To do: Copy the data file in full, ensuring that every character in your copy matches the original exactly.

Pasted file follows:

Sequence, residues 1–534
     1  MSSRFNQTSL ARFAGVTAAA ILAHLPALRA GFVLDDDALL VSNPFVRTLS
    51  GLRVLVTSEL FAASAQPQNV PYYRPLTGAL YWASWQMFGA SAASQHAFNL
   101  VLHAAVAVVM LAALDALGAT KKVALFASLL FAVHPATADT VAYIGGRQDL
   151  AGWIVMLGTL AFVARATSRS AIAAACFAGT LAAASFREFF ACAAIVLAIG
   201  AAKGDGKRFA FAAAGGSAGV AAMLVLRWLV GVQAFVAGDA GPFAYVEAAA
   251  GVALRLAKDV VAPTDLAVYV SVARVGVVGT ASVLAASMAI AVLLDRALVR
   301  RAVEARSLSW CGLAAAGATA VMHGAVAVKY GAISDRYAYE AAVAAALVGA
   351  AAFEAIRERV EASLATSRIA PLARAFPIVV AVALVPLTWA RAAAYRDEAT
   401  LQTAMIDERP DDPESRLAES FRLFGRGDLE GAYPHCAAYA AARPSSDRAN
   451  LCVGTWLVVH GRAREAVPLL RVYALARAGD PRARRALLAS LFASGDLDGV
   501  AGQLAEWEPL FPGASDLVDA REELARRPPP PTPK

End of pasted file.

Sequence, residues 1–534
     1  MSSRFNQTSL ARFAGVTAAA ILAHLPALRA GFVLDDDALL VSNPFVRTLS
    51  GLRVLVTSEL FAASAQPQNV PYYRPLTGAL YWASWQMFGA SAASQHAFNL
   101  VLHAAVAVVM LAALDALGAT KKVALFASLL FAVHPATADT VAYIGGRQDL
   151  AGWIVMLGTL AFVARATSRS AIAAACFAGT LAAASFREFF ACAAIVLAIG
   201  AAKGDGKRFA FAAAGGSAGV AAMLVLRWLV GVQAFVAGDA GPFAYVEAAA
   251  GVALRLAKDV VAPTDLAVYV SVARVGVVGT ASVLAASMAI AVLLDRALVR
   301  RAVEARSLSW CGLAAAGATA VMHGAVAVKY GAISDRYAYE AAVAAALVGA
   351  AAFEAIRERV EASLATSRIA PLARAFPIVV AVALVPLTWA RAAAYRDEAT
   401  LQTAMIDERP DDPESRLAES FRLFGRGDLE GAYPHCAAYA AARPSSDRAN
   451  LCVGTWLVVH GRAREAVPLL RVYALARAGD PRARRALLAS LFASGDLDGV
   501  AGQLAEWEPL FPGASDLVDA REELARRPPP PTPK